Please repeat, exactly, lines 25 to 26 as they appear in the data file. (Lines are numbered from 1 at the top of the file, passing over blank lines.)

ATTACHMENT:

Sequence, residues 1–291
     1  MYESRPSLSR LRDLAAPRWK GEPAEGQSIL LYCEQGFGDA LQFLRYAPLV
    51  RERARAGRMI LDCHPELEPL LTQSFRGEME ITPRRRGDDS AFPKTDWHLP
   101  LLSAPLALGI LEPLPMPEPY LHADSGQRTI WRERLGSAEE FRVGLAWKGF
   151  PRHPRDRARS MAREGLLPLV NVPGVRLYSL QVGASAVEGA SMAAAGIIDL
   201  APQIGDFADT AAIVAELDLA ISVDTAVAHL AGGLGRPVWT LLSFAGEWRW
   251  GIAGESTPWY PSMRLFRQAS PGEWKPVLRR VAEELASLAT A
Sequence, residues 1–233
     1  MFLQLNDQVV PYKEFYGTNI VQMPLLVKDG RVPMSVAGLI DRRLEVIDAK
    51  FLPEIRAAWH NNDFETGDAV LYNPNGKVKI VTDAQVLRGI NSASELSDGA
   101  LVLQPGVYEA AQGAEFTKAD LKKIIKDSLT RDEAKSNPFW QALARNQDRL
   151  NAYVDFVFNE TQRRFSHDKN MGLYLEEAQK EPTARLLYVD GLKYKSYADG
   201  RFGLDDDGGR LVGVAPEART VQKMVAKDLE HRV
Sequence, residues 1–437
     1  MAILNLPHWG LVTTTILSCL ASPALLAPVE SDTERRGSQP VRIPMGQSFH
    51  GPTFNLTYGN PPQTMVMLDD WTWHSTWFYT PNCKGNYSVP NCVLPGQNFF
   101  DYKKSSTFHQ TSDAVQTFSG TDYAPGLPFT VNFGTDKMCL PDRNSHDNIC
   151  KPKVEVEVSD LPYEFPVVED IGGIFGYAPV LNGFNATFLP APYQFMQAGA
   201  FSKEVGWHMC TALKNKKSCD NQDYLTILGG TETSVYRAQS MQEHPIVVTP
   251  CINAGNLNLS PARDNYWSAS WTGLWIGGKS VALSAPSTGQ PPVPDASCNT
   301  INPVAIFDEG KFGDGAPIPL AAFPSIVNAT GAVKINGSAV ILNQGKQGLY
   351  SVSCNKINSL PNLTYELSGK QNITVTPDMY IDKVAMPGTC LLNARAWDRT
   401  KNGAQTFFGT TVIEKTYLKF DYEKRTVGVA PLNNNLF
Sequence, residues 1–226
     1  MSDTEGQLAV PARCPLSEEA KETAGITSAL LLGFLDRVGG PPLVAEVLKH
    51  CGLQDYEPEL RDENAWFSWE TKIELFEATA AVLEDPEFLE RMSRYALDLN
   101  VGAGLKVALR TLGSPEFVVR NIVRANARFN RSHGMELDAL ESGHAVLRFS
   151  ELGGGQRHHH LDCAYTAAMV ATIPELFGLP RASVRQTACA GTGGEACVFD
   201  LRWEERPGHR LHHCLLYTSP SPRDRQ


     1  MSDTEGQLAV PARCPLSEEA KETAGITSAL LLGFLDRVGG PPLVAEVLKH
    51  CGLQDYEPEL RDENAWFSWE TKIELFEATA AVLEDPEFLE RMSRYALDLN